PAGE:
The Boscobel Hotel

A Brief History

The man who would build the building that was to house Boscobel's leading hotel was Adam Bobel. Bobel (1834-1885) was born in the village of Maden, in Prussia. A weaver by trade, Bobel emigrated to the United States in 1853, married in 1855 and moved to Boscobel in 1861. After the outbreak of the Civil War, Bobel spent 18 months with the Union Army as sutler with the 20th Wisconsin Volunteer Infantry. Sutlers were government-approved vendors who were licensed one to a post or regiment. Sutler is a Dutch word meaning "to undertake low office," and their reputation was legion, soldiers often paying five times the true value of an item.

In 1865, Bobel, with a Mr. Schaffer, constructed the two-story stone building that is now the south portion of the hotel at a cost of $5,000.00 for use as a saloon. In about six months time after the building was finished, Mr. Bobel purchased his partner's interest and ran the business alone. In 1873, Bobel built onto the saloon an additional three-story structure and extended the third story over the saloon building.

On January 7, 1881, a fire completely gutted the building, leaving only the sign and walls standing. Fortunately, Bobel decided to rebuild. On May 13, 1881, only four months later, the Central House, as it was known, was completely refurnished and open for business.

Remarkably, much of the work from this period still remains in place today, and the exterior of the hotel is still in its largely original 1881 state. Adam Bobel continued to operate the hotel until his death in 1885, by which time the Central House was one of the most noted hotels in southwest Wisconsin.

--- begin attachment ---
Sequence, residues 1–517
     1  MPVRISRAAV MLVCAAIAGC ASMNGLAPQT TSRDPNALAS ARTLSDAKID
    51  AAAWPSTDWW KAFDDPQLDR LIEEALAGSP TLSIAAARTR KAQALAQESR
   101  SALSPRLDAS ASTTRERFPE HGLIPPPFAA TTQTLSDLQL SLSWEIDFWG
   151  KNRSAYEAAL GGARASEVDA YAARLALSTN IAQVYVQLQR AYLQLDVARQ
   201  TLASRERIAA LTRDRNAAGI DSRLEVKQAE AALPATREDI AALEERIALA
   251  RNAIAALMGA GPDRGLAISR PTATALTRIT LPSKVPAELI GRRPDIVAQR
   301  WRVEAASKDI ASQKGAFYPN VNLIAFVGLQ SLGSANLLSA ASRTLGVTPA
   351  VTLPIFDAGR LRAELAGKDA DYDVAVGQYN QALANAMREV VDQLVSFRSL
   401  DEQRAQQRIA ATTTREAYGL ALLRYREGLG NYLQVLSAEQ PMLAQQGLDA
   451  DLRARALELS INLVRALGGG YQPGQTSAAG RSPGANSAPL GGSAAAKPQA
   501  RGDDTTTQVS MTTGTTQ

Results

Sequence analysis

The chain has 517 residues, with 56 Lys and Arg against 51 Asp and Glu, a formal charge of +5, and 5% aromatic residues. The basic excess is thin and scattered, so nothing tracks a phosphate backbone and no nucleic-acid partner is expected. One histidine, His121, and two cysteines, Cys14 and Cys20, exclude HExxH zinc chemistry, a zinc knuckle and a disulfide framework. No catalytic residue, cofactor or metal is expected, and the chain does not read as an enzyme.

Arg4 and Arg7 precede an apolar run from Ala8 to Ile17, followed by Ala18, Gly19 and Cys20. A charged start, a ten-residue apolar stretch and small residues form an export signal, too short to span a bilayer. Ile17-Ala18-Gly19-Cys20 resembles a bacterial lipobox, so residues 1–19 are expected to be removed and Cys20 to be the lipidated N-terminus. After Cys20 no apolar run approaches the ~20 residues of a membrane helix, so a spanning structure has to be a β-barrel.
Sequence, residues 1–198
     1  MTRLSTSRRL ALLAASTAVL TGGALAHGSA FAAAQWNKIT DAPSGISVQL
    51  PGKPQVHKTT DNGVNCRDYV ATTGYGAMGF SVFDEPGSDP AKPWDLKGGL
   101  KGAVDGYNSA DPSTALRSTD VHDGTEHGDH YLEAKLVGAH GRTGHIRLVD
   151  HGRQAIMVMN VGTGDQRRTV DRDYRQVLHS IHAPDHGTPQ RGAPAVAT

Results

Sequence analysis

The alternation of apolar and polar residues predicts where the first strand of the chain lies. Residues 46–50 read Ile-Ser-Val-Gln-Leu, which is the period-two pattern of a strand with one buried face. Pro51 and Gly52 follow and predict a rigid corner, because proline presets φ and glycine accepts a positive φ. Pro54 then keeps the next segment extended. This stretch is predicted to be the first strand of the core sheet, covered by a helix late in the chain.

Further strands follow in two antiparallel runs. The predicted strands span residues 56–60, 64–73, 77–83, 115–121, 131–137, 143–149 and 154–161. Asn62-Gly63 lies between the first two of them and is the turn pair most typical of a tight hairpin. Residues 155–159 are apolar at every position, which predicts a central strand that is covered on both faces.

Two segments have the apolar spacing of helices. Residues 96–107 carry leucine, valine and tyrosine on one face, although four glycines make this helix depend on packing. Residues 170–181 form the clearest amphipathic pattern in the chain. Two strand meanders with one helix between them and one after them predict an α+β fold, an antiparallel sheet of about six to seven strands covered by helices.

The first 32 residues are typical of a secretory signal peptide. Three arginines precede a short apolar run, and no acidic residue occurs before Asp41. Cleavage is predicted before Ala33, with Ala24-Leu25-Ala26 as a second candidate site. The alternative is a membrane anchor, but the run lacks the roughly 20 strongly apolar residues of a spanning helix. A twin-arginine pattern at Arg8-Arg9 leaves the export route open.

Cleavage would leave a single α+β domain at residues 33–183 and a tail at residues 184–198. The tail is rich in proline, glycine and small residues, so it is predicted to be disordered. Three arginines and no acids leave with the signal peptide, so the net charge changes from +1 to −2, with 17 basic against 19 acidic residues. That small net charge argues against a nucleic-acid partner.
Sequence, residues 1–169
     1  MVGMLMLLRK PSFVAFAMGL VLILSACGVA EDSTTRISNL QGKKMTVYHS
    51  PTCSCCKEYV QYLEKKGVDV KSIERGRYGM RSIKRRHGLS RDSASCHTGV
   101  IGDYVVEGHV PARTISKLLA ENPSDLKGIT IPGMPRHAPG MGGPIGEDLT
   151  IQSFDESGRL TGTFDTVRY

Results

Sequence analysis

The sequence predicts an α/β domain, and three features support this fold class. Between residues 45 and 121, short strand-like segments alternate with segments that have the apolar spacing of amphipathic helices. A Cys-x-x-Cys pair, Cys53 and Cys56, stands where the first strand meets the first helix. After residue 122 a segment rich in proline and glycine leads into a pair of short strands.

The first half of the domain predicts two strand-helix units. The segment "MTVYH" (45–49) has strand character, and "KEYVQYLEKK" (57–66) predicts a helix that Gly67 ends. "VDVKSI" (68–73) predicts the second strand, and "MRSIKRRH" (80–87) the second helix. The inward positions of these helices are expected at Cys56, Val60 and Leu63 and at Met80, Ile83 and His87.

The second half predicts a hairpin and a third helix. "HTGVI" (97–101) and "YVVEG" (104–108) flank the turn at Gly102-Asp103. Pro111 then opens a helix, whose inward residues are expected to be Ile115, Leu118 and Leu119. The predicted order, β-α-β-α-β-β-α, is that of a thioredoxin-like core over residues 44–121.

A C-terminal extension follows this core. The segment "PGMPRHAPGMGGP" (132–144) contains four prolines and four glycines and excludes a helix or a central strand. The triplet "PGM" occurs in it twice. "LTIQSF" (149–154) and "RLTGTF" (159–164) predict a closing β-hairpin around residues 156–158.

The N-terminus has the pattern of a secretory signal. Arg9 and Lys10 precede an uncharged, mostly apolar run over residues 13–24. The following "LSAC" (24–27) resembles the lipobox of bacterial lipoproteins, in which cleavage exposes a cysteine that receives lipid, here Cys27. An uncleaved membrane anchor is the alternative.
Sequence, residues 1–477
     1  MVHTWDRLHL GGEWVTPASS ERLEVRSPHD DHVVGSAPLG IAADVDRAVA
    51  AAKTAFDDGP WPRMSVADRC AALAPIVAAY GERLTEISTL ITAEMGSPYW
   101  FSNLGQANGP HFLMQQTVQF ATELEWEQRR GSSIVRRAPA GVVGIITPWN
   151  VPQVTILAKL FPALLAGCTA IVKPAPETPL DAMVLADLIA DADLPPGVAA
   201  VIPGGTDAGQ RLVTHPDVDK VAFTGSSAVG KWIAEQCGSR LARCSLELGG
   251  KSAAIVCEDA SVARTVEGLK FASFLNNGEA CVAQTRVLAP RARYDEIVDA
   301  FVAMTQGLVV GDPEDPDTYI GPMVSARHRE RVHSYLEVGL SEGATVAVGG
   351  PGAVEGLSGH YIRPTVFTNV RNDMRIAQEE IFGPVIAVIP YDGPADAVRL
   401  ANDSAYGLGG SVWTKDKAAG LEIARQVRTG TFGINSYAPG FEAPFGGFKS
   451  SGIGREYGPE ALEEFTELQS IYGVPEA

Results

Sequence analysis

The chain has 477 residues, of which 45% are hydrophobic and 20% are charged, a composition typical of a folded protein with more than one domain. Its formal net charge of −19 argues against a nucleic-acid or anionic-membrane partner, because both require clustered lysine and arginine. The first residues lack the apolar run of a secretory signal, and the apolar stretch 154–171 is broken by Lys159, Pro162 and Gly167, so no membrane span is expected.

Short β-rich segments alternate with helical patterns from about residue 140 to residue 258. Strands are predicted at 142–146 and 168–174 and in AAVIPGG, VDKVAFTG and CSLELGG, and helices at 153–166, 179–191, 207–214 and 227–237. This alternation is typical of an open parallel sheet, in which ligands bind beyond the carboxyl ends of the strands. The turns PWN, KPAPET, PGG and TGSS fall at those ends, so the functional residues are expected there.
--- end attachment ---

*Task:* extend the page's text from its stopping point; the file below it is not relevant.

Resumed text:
The Boscobel Hotel is best known today for being the site of a meeting that resulted in the founding of the Gideons International Society. In September, 1898, John H. Nicholson, a traveling salesman from Janesville, WI attempted to check into the Central House, but as no single rooms were available, the hotel manager asked him to share a room with another salesman, Samuel E. Hill of Beloit, WI. During their stay at the hotel, the two men discussed the need for an organization of commercial travelers that would provide "mutual help and recognition for Christian travelers." In 1899 the two men met again and were joined by another salesman, W.J. Knights of Janesville, WI and in July of that year the organization was formed and known as the Christian Commercial Travelers' Association of America with its object being the fellowship of "Christian travelling men of the world." Although the first organizational meeting took place in Janesville, the Gideons have always identified the Boscobel Hotel as the location of its founding. From its modest beginnings in Boscobel and Janesville, the Gideons have grown into an international organization whose name is familiar even to those who are unfamiliar with the organization itself. The Gideon Bible, distributed by the organization, is now familiar to every American traveler.